While I went in skeptical, I admit I came out pretty happy with Sing. It’s a very well told family film that, while I do think it’s missing the humour from Illumination’s previous films – a situation compounded by the constant reminder that these guys invented the Minions in their logo before the film – there’s no denying the quality animation from this studio.

Everyone on voice work is outstanding. I couldn’t pick a best performance even if I tried. More surprising to me is when the cast start singing. Not everyone on this bill is known for their pipes and each of them puts in the work and it sounds excellent. I mean, I won’t be buying the soundtrack or anything, but I’ll gladly buy the film and let the kid bop along to it while it’s on.

You can’t deny the musical finale when it happens, no one will come out of it not smiling. Considering it’s filled with pop and R’n’B tunes, I can only imagine how someone who resonates with that style of music felt by the end.

I can’t not recommend Sing. It’s such a great, inspirational, family film that I just want to watch it again and again with everyone at home and sing along, cheering for everyone involved.

Failed Critics Podcast: Hobbity tosh, Pottery hogwash & Intersellar oh-my-gosh

interstellarWelcome to this week’s super-professional well-researched spick-and-span highly-polished episode of the Failed Critics podcast!

The main release review this week is Christopher Nolan’s $165m space-time-travelling science fiction thriller Interstellar. A film so long, we extended our podcast an extra 15 minutes with the return of our Spoiler Alert section alongside our regular spoiler-free review.

Despite that, there was even time for Owen to take in the first two (well, one and a half) Lord of the Rings films this week; for Steve to reveal exactly why he’s watching through all seven Harry Potter movies; and for Carole to have a meta-meta experience with 90’s slasher sequel Scream 2.

Jon us again next week as we review the acclaimed wartime drama The Imitation Game.

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Into ‘stellar?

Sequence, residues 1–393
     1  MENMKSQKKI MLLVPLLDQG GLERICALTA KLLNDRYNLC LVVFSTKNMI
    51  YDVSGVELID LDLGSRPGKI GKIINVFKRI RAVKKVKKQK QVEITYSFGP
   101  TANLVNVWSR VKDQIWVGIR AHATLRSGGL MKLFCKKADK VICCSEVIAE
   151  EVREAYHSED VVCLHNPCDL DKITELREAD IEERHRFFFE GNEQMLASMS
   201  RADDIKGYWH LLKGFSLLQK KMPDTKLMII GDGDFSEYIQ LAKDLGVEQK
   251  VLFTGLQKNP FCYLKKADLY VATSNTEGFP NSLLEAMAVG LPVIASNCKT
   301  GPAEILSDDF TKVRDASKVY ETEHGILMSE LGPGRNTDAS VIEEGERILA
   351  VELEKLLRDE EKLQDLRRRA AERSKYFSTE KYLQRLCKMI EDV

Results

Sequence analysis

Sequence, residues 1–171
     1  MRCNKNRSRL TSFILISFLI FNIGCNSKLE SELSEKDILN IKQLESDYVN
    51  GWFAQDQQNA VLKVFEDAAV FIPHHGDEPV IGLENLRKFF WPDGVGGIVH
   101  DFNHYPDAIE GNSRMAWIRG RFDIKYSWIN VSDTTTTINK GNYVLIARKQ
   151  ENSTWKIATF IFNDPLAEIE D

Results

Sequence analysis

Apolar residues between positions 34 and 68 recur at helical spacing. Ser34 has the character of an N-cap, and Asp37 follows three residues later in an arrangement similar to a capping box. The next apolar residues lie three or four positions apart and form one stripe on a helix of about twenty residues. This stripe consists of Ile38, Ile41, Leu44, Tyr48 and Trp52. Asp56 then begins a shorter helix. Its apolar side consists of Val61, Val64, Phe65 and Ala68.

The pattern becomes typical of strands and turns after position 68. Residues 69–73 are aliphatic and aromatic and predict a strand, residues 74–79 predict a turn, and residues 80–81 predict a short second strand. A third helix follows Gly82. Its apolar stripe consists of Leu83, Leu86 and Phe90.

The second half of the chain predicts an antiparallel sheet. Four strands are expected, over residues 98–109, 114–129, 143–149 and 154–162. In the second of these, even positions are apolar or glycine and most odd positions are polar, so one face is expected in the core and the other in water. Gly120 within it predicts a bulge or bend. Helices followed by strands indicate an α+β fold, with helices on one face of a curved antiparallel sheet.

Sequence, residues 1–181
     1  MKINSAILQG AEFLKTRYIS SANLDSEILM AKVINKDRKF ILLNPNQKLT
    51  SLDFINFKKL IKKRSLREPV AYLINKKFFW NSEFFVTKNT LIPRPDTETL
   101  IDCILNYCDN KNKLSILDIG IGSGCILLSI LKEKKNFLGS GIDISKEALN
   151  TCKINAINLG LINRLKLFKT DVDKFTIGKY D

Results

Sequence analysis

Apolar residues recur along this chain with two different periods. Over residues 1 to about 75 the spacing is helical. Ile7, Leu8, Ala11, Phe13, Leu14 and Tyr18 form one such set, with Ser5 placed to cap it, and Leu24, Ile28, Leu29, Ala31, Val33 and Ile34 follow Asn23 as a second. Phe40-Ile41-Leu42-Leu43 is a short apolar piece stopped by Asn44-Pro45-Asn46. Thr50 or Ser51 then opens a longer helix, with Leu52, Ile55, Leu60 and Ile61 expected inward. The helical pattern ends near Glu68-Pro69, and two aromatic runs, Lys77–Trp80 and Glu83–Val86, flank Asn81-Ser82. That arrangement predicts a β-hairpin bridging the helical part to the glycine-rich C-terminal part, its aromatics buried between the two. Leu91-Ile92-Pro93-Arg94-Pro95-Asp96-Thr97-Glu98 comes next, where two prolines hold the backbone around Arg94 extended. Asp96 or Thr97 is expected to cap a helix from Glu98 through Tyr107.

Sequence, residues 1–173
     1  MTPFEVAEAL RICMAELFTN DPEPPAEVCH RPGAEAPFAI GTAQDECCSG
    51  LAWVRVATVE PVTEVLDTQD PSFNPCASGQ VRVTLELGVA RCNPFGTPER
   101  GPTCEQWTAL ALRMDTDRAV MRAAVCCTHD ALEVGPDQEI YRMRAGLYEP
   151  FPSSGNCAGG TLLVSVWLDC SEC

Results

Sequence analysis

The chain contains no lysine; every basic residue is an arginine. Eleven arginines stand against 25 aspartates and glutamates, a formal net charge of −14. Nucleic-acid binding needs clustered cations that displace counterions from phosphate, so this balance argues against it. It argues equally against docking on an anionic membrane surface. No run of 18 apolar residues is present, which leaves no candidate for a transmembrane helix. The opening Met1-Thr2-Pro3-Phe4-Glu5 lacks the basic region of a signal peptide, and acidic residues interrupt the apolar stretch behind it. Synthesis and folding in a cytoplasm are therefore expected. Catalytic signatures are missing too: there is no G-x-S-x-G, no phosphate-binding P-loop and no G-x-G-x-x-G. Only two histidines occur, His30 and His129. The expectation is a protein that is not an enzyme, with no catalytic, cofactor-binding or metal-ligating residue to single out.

by Owen Hughes (@ohughes86)

Ever since man has first looked up at the stars, the question has been asked: What do you do when you see a space man? Yes, of course the correct answer is “you park in it, man” (please, please, hold your applause, you’re too kind).

However, for thousands of years, man has written Christmas cracker jokes looked up and wondered what lies beyond the blue skies of our planet’s atmosphere. For most people, it’s only led to further questions. How can “space” exist? Why does it exist? Why do we exist? From religion and faith, to science and theory, everyone seems to have their own opinion on what they like to imagine fills the vast expanse of the Universe and beyond. It takes people way smarter than this bozo to fully comprehend the question, never mind the answer. Luckily, it’s not just people cleverer than me who have thought about this question. There have been people with far more imagination who have been able to put their thoughts and ideas into film and literature.

Most recently Christopher Nolan did so with the terrific Interstellar. Which prompted me to create this article. What other movies are out there that deal with man’s exploration of space and time that are worth watching? Well, here are ten films that I would recommend you start with if you too are into ‘stellar (geddit?!) This list is by no means comprehensive, by the way. I’m fully aware big names such as the Star Trek and Star Wars franchises are missing, as well as this year’s Guardians of the Galaxy. This is just 10 films I’d suggest watching if you enjoyed the adventure into space that was Interstellar!


event horizonEvent Horizon (1997) Paul W.S. Anderson’s best film, it tells the story of a crew comprising of captain Laurence Fishburne, doctor Sam Neill, (plus others) who investigate of a spaceship that went missing some years ago called the Event Horizon. It miraculously returned with no crew left on board. It transpires that what happened was not quite as simple as they might’ve first thought. Next to Alien, it’s the perfect example of how to create an intelligent, atmospheric, space-horror. Quotes seemed to be almost directly lifted from Event Horizon in Interstellar (particularly the discussion around wormholes). It also raises interesting questions around what Hell is (or could be?) Complete with great performances, especially those of Fishburne and Neill around the descent into madness. Think of it as Hellraiser meets Alien. A real gem of a movie.


Contact (1997)contact In 1994, Robert Zemeckis released what will probably be the film he is remembered for, Forrest Gump. Well, with the exception of Back To The Future, perhaps. But one film of his that seems to have directly inspired the story of Interstellar is Contact, with its daughter grieving for her father and potential contact with another as yet unidentified life form. Using the relationship between father and daughter, it tries to bridge a gap between science and religion, life and death, between hope and reality. The concept behind Contact and how / what that will be like with other dimensions or lifeforms is handled with grace, whilst Jodie Foster gives a performance worthy of a movie such as this. The cast also features Matthew McConaughey, the star of Nolan’s epic! It’s a shame the ending lets the film down a little, but the rest of Contact is well worth a watch.